output from external commands

Discussion in 'Python' started by James Colannino, Oct 24, 2005.

  1. Hey everyone. First off, I'm new to the list. I had had a little bit
    of experience with Perl before discovering Python. The more Python I
    learn, the more I love it :) I just have a quick question to ask. I
    know that this is probably a simple question, but I've been googling
    around, and partly because I'm not sure exactly what to search for, I've
    been unsuccessful at finding an answer. What I'd like to do is be able
    to take the output of an external command and assign it as an array of
    strings. So, for example, in Perl I could do something like:

    @files = `ls`;

    So I guess I'm looking for something similiar to the backticks in Perl.
    Forgive me if I've asked something that's a bit basic for this list.
    Any help would be greatly appreciated :) Thanks very much in advance.

    James

    --
    My blog: http://www.crazydrclaw.com/
    My homepage: http://james.colannino.org/
     
    James Colannino, Oct 24, 2005
    #1
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  2. James Colannino

    Mike Meyer Guest

    James Colannino <> writes:

    > Hey everyone. First off, I'm new to the list. I had had a little bit
    > of experience with Perl before discovering Python. The more Python I
    > learn, the more I love it :) I just have a quick question to ask. I
    > know that this is probably a simple question, but I've been googling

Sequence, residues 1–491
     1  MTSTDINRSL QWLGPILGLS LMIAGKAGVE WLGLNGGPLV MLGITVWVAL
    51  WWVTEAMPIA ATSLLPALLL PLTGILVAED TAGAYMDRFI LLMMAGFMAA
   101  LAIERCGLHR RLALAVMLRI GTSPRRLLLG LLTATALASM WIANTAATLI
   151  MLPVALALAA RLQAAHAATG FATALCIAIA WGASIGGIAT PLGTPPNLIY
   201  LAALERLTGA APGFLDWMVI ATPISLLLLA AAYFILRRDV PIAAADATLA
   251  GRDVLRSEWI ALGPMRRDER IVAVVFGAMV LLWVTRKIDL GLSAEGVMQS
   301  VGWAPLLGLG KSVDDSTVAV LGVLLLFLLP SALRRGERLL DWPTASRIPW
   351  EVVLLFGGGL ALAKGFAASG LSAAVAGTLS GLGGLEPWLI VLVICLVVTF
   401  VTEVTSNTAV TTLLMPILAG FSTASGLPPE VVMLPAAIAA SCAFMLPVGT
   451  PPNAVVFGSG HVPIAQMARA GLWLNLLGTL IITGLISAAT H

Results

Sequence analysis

> around, and partly because I'm not sure exactly what to search for,
    > I've been unsuccessful at finding an answer. What I'd like to do is
    > be able to take the output of an external command and assign it as an
    > array of strings. So, for example, in Perl I could do something like:
    >
    > @files = `ls`;
    >
    > So I guess I'm looking for something similiar to the backticks in
    > Perl. Forgive me if I've asked something that's a bit basic for this
    > list. Any help would be greatly appreciated :) Thanks very much in
    > advance.


    This is a scripting language feature. Python doesn't have direct
    support for it, any more than C++ does. To get that functionality, you
    want to use either the os.popen function, or - preferable, but only
    available in newer Pythons - the subprocess module.

    <mike
    --
    Mike Meyer <> http://www.mired.org/home/mwm/
    Independent WWW/Perforce/FreeBSD/Unix consultant, email for more information.
     
    Mike Meyer, Oct 24, 2005
    #2
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  3. Mike Meyer wrote:

    >This is a scripting language feature. Python doesn't have direct
    >support for it, any more than C++ does. To get that functionality, you
    >want to use either the os.popen function, or - preferable, but only
    >available in newer Pythons - the subprocess module.
    >
    >


    Thanks.

    James

    --
    My blog: http://www.crazydrclaw.com/
    My homepage: http://james.colannino.org/
     
    James Colannino, Oct 24, 2005
    #3
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